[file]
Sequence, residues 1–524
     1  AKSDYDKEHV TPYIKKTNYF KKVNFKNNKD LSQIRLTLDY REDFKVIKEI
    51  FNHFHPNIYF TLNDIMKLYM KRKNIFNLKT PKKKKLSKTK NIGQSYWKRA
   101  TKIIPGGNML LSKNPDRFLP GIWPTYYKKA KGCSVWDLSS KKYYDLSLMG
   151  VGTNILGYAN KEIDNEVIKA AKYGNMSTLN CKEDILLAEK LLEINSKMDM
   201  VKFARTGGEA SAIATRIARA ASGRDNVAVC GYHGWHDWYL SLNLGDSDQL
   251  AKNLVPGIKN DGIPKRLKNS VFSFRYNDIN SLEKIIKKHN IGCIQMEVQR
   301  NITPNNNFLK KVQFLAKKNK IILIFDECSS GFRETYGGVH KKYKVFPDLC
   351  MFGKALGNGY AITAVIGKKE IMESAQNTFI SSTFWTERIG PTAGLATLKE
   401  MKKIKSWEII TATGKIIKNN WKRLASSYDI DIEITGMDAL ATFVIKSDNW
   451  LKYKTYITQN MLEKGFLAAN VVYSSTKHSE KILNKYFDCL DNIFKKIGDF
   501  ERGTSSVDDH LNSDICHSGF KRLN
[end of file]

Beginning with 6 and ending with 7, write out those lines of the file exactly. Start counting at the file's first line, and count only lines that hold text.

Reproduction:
   201  VKFARTGGEA SAIATRIARA ASGRDNVAVC GYHGWHDWYL SLNLGDSDQL
   251  AKNLVPGIKN DGIPKRLKNS VFSFRYNDIN SLEKIIKKHN IGCIQMEVQR